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Let's say that we have a key exchange of some sort, which leaves A and B sharing the long-term secret $S$. Then, A and B want to use AES-CTR for the communication, which leaves us with several possible strategies:

  1. During the key exchange, A and B both generate and send nonces $N_a$ and $N_b$ which are mixed in the key derivation function with $S$ to produce a unique key for the exchange. We leave the IV = 0.
  2. During the key exchange, A and B both generate and send nonces $N_a$ and $N_b$ which are mixed to produce and IV. The key is derived from S.
  3. During the key exchange, A and B both generate and send $N_a$, $N'_a$, $N_b$, $N'_b$. $N_a$ and $N_b$ are mixed with $S$ to produce the key. $N'_a$ and $N'_b$ are mixed to produce the IV.

In other words: random key/fixed IV, fixed key/random IV or random key/random IV.

Which one is preferable? (Assume HMAC-SHA256 or similar for mixing keys/IV)

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I'd mix everything to generate a 256 bit master-key from which I'd derive both the keys and the IVs. –  CodesInChaos Jul 8 '13 at 12:59
    
Definitely don't use an IV of 0 because then it is trivial to break the first block. To decide further, however, we need to know more about the threat model, and what your encryption is trying to defend against. Is AES-CTR a requirement, or could you upgrade to AES-GCM? –  xorbyte Jul 9 '13 at 22:16
    
@xorbyte in this case, this is simply protecting client-server communication for an online multiplayer game. The goal is to prevent players from eavesdropping, as well as sabotaging another player's turn by posing as that other player or replaying/modifying some of their actions. Finally, all player authentication and registration is done encrypted, so personal information is sent in the clear. –  Nuoji Jul 10 '13 at 12:21
    
@xorbyte AES-GCM used to be problematic because there aren't always standard implementations available. That said, even with GCM I would need an IV, right? –  Nuoji Jul 10 '13 at 22:11
    
Will $S$ be used to for only one plaintext/ciphertext? $\:$ If yes, why are you calling it "long-term"? $\hspace{.73 in}$ If no, will new nonce pairs be exchanged for additional messages? $\:$ In either case, there are likely $\hspace{.46 in}$ to be problems if you don't MAC the AES-CTR ciphertext with a computationally independent key. $\;\;\;$ –  Ricky Demer Jul 12 '13 at 3:44

2 Answers 2

First, there is a non-security argument in favor of option 2.: if you can cache the AES key across key exchanges, you can save time in key setup. Whether that's relevant I'll leave for you to decide.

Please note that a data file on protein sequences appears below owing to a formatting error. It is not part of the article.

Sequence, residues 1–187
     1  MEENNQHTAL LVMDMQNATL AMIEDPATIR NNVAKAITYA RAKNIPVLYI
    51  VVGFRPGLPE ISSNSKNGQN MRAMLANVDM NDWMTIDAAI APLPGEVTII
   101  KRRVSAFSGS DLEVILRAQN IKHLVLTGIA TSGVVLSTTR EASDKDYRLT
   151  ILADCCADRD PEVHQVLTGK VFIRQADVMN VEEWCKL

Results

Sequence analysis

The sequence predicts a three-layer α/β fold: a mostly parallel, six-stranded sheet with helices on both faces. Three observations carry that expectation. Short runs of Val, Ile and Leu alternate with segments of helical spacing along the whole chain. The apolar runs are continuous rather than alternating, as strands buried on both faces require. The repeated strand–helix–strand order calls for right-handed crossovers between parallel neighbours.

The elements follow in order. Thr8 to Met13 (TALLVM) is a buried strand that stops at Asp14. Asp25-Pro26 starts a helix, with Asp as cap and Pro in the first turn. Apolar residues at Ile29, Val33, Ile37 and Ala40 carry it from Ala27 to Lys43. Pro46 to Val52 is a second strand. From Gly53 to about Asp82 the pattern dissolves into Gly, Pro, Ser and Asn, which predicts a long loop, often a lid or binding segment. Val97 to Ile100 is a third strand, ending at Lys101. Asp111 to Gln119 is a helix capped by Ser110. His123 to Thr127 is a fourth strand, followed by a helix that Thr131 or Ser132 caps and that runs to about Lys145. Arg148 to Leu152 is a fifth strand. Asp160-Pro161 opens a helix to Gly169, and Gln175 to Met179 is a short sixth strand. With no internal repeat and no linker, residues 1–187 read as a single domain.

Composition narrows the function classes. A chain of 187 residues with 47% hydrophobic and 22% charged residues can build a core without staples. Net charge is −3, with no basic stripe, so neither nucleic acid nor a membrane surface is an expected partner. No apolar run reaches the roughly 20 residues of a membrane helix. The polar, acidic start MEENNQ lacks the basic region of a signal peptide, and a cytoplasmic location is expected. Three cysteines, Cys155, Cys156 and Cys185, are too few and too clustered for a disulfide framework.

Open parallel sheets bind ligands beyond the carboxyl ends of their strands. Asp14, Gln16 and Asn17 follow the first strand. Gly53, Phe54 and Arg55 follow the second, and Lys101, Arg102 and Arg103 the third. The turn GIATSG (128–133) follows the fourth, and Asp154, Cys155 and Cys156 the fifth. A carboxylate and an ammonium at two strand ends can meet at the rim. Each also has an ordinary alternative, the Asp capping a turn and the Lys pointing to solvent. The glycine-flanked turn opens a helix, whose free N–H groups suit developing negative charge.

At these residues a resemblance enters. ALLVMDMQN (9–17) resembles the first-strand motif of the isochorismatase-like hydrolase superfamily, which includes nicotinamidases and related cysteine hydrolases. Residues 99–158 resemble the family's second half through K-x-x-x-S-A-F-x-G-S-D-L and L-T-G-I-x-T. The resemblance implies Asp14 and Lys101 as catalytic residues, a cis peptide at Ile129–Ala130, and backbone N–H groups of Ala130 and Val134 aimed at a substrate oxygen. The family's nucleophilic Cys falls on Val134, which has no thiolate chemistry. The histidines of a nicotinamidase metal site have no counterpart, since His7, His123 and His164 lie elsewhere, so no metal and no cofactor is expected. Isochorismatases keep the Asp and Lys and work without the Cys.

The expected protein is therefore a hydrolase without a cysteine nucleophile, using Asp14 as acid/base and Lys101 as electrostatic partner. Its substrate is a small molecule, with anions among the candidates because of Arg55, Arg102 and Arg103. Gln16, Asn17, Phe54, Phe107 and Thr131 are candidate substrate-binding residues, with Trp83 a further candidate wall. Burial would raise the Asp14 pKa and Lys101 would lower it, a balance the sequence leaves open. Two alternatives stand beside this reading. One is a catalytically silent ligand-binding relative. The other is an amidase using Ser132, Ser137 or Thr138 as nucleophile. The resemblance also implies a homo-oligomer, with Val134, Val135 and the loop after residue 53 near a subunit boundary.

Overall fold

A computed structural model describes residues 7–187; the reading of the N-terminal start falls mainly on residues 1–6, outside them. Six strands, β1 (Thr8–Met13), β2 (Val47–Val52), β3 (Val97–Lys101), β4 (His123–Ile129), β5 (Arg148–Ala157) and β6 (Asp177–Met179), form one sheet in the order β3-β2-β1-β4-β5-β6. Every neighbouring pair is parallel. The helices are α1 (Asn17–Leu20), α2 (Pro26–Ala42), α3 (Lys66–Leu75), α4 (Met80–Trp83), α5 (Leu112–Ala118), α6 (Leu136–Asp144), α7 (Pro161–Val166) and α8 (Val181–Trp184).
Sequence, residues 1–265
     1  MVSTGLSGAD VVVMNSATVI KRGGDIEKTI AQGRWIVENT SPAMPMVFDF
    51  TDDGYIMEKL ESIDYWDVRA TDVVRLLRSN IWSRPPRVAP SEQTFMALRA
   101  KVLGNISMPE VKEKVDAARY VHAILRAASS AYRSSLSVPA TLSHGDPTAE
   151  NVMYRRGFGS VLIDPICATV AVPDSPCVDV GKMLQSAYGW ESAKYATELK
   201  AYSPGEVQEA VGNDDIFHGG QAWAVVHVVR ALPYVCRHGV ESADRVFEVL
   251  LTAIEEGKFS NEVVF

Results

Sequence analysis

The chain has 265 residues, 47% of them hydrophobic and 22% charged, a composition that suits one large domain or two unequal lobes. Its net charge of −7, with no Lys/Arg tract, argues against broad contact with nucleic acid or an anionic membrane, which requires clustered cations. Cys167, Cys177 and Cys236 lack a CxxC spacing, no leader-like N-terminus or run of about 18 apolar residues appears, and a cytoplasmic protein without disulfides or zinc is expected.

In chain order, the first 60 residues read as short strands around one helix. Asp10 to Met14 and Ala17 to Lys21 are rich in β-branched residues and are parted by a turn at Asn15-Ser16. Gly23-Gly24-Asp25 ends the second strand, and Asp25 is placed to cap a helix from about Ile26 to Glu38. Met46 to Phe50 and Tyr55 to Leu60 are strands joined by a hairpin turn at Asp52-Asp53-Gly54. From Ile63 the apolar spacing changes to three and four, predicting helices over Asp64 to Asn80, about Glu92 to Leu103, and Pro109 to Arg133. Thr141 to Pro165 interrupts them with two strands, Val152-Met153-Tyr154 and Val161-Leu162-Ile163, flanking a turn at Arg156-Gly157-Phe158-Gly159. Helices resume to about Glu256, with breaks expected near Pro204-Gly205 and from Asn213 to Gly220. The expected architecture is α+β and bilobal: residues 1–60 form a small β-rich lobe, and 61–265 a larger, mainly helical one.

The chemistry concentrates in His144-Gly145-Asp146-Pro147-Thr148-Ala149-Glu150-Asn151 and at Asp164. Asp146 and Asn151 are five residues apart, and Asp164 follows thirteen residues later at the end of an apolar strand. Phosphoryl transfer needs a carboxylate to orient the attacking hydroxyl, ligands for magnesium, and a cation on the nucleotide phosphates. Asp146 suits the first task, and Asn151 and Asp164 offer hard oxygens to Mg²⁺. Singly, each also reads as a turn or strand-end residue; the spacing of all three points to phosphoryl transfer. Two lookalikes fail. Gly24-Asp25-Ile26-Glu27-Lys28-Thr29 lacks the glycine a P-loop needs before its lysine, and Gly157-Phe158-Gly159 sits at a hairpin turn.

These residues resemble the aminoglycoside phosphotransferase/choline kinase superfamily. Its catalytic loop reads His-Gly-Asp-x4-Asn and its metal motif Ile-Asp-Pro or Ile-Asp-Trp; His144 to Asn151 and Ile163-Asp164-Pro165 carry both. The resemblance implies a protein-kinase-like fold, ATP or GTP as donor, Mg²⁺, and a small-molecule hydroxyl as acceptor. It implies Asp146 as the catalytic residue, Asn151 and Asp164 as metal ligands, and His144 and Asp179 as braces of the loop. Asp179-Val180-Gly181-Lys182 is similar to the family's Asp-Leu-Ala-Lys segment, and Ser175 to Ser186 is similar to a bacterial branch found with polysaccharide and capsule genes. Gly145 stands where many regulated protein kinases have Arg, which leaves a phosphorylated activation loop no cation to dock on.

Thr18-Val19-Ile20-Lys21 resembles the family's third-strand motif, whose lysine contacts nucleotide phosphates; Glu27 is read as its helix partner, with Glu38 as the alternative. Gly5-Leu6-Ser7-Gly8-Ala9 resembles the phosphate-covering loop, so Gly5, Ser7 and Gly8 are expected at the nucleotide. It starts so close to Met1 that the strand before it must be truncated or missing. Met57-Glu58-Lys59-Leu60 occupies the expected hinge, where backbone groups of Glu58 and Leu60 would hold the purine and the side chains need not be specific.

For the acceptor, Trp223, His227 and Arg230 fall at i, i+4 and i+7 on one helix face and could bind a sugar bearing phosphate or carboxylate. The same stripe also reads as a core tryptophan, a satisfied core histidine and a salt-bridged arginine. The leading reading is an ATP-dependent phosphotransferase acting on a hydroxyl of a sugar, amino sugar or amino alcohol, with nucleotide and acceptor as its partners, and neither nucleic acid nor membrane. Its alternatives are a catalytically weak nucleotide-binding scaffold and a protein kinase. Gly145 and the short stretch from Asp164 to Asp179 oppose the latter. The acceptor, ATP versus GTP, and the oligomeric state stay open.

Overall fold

CTR fails when the same key-nonce pair is used twice. Let's assume the nonces are always unique, and that key derivation and mixing is strong.

  1. Birthday bound for a key collision is $2^{64}$ for AES-128, $2^{128}$ for AES-256 etc.
  2. If generating a 96-bit nonce, to use with a 32-bit counter, the birthday bound is $2^{48}$. With a 128-bit nonce and messages shorter than $2^{32}$ you can get a higher value, but unless you only have one block messages it's less than $2^{64}$.
  3. With a 96-bit AES nonce the birthday bound is $2^{112}$ for AES-128 or $2^{176}$ for AES-256. Again, you can get a bit better bounds with a larger nonce and shorter messages, approaching $2^{128}$ and $2^{192}$.

Clearly the last is "best", but even with just a random 96-bit nonce you could have billions of key exchanges with a very small chance of even one collision. That one is a bit borderline, but any of the other options I would consider good enough.

Note the assumption made, that nonces are unique. If the nonces themselves collide, any data derived from them will also collide. For random nonces you'd want them to be at least as long as the total data derived from them. In addition, the exchange of nonces should be authenticated such that an attacker cannot affect it and cause a collision.


As an aside, option 3. doesn't necessarily require two sets of nonces. You can derive both a 128-bit key and a nonce with a single HMAC-SHA-256, or you can derive more material with two differently salted HMACs. Doing so will make the nonces depend on $S$, but that doesn't seem like a problem.

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Points "1" and "3" have equivalent security. Obviously "1" is less work. "2" leaves more potential for (key, IV) collisions if the $N$'s are too small or the attacker can control the $N$'s.

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How do you figure (2) being sensitive to collisions? –  Nuoji Jul 12 '13 at 12:12

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